Those chilly childhood days before central heating
Open plan living and under floor heating?! You must be joking. Staying warm back in the day meant every door shut, heavy curtains, deep pile carpets, draughts blocked and the whole family huddled together in one small room around the fire.
Before central heating changed the way we lived forever, keeping the house warm in deepest winter was a palaver. Just tending the fire was a mission in itself and who can ever forget having to brave the freezing temperatures outside just to go to the loo?
But then there was toast made over the fire with a toasting fork, delicious with butter or even better, dripping. So, boil the kettle, turn up the thermostat and let us take you back to your chilly childhood days.
The house was always cold… very cold
There was only one warm place in the whole house – the room with the hearth. Life revolved around the fire until it was time to venture upstairs to bed. You could feel the temperature dropping a little with every stair you climbed. And who can forget waking up to ice on the inside of the bedroom window?
Coal kept us going
Unless you were one of the few with a 3 bar electric fire, coal was the lifeblood of your home and running out of it simply wasn’t an option.
A huge man smothered in soot with black broken fingernails and bright white eyes peering out from under his cap would bring it to your door, terrifying many a small child in the process. Or you had to collect it from the yard in an old pram.
Keeping the home fires burning
There were endless rounds of fetching the coal in, kindling, rolled up newspapers, matches, holding newspaper up to ‘draw’ the fire, refilling the coal scuttle, poking, prodding and cleaning out the grate.
Small children would act as look outs, playing in front of the fire and letting mum know when the fire needed attention.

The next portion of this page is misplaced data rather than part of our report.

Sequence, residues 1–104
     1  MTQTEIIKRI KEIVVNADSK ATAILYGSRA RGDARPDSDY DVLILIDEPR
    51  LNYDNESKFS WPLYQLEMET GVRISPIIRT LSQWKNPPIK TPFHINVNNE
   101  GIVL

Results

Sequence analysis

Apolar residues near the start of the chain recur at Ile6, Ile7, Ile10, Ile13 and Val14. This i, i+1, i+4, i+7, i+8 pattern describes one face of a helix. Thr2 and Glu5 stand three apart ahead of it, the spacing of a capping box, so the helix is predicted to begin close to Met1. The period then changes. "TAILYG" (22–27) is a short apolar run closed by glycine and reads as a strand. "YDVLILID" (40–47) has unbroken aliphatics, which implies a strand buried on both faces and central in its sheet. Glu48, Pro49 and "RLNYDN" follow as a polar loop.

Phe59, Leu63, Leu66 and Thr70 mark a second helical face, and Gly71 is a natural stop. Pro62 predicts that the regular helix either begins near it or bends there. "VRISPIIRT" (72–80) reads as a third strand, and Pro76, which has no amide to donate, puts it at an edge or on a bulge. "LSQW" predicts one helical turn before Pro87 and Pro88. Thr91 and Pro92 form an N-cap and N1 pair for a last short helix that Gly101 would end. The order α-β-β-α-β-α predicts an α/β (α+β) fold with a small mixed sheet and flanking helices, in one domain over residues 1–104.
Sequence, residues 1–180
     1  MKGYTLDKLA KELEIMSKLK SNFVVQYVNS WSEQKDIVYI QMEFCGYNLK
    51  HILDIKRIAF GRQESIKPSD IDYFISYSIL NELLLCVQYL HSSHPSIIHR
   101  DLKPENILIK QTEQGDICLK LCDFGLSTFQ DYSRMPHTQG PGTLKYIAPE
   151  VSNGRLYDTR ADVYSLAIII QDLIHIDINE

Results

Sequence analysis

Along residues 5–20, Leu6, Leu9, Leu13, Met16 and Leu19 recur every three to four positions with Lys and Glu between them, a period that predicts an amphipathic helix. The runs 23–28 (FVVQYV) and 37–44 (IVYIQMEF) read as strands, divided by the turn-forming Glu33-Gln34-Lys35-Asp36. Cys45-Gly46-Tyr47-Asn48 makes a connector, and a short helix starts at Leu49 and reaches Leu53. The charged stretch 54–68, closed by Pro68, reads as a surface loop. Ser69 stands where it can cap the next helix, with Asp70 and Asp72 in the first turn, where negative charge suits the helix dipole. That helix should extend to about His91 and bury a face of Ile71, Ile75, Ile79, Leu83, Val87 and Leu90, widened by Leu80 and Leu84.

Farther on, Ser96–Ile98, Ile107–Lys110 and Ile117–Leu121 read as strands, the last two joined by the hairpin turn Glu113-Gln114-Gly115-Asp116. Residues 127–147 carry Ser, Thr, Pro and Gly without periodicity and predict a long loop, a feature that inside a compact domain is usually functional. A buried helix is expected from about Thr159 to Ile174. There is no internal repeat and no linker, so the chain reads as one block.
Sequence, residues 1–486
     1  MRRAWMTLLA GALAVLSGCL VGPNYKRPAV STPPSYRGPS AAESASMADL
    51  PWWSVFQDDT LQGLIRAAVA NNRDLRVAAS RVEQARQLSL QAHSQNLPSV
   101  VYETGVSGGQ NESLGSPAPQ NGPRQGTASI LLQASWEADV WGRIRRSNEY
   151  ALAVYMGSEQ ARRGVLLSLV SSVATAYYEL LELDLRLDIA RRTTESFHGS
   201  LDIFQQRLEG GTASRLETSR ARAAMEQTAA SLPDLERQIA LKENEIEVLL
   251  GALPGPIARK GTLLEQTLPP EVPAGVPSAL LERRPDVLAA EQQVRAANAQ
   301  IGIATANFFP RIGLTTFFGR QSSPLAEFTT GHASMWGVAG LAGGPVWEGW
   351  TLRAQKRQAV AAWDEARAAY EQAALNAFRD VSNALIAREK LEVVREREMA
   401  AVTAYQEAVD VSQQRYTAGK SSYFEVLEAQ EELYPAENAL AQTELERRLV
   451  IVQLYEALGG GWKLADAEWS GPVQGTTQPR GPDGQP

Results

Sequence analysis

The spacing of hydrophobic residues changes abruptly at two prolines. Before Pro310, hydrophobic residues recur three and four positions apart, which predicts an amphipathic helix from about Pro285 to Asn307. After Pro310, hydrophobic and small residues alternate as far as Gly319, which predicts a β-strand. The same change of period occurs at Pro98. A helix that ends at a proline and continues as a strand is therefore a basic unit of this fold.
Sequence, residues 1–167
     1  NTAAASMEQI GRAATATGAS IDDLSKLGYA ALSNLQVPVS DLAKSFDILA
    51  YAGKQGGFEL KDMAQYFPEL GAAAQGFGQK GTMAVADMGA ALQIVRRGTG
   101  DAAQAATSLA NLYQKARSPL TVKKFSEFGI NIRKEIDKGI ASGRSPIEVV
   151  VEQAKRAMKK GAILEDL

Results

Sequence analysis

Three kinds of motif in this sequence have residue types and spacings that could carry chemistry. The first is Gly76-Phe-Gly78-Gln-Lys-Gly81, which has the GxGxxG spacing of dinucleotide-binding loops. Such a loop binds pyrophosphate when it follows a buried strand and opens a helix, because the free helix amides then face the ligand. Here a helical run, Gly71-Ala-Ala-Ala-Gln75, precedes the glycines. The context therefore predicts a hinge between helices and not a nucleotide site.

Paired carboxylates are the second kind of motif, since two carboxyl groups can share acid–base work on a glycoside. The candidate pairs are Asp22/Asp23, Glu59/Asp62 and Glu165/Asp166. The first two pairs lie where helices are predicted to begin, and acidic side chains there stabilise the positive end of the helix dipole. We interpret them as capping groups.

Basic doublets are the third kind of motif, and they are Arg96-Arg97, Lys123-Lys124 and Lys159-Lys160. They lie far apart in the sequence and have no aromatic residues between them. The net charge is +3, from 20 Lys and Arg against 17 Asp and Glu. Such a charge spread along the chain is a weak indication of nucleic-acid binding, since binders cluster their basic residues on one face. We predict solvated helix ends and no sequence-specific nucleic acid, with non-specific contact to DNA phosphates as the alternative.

Warm clothes and lots of them
On school days, Mum warmed your clothes in front of the fire or on the cooker and you occasionally had to go to school in singed undies! If you were very lucky, she’d also have your slippers warmed and waiting by the door for you when you got home.
Kids ventured out in layered up in flannelettes, jumpers, coats, scarves, hats and mittens, but many boys still wore shorts in deepest winter. Explain that to a kid today!
Frozen milk that took your breath away
The little glass bottles of free school milk were kept outside and it was so cold by break time, you’d catch your breath as you drank it through a straw.
At home, the milkman always came regardless of the weather. He’d come so early the milk would be frozen by the time you fetched it in.
Family bath time in front of the fire
Before ‘proper’ bathrooms arrived, bath time was a weekly event either in the kitchen sink or in a tin bath in front of the fire.
The water would be heated on the stove and all the family would take turns to wash in the warm water. There was no time to lie back and soak, it was a straightforward in-and-out affair before the water got cold. You had to pity the person who went last!
The laundry still had to be done
Housewives never used cold weather to let their high standards drop. As well as the extra cleaning constantly needed to control the coal dust all through the house, she’d still have to do the laundry by hand and find a way to get it dry.
There were always clothes drying by the fire but, on a clear day, the washing would be hung outside in the vain hope it wouldn’t freeze on the line.
The long cold nights
It was so cold no one stayed up late like we do in our cosy homes today.
Bricks would be heated up to use as bed warmers and you’d snuggle under overcoats and blankets piled high over the eiderdown. Siblings had to sleep up together in one bed and if you dared to complain you were still cold, mum could usually find another sibling, or the dog, to throw in with you!
And finally, it was never too cold to play outside
No kid would dream of staying in when there was so much fun to be had outside. Not even in the freezing winters of 1947 and 1963! We just buttoned up our duffle coats, donned our mittens and headed out into the icy streets to conjure up a whole new adventure with our mates.
Didn’t it always snow back then?
Feeling chilled to the bone or warm with the rush of happy memories of winters past?
Apparently researchers have discovered that we feel more nostalgic on cold days and reminiscing actually makes us feel warmer. It’s a lovely thought… but are your memories of scraping the ice off the bedroom window and frozen pipes having the desired effect? We’d love to know.
If you enjoyed our peak under the blankets of British winters sixty odd years ago, you may also enjoy when playing outdoors was a way of life, 10 big weather events of the last century or remembering our school days.
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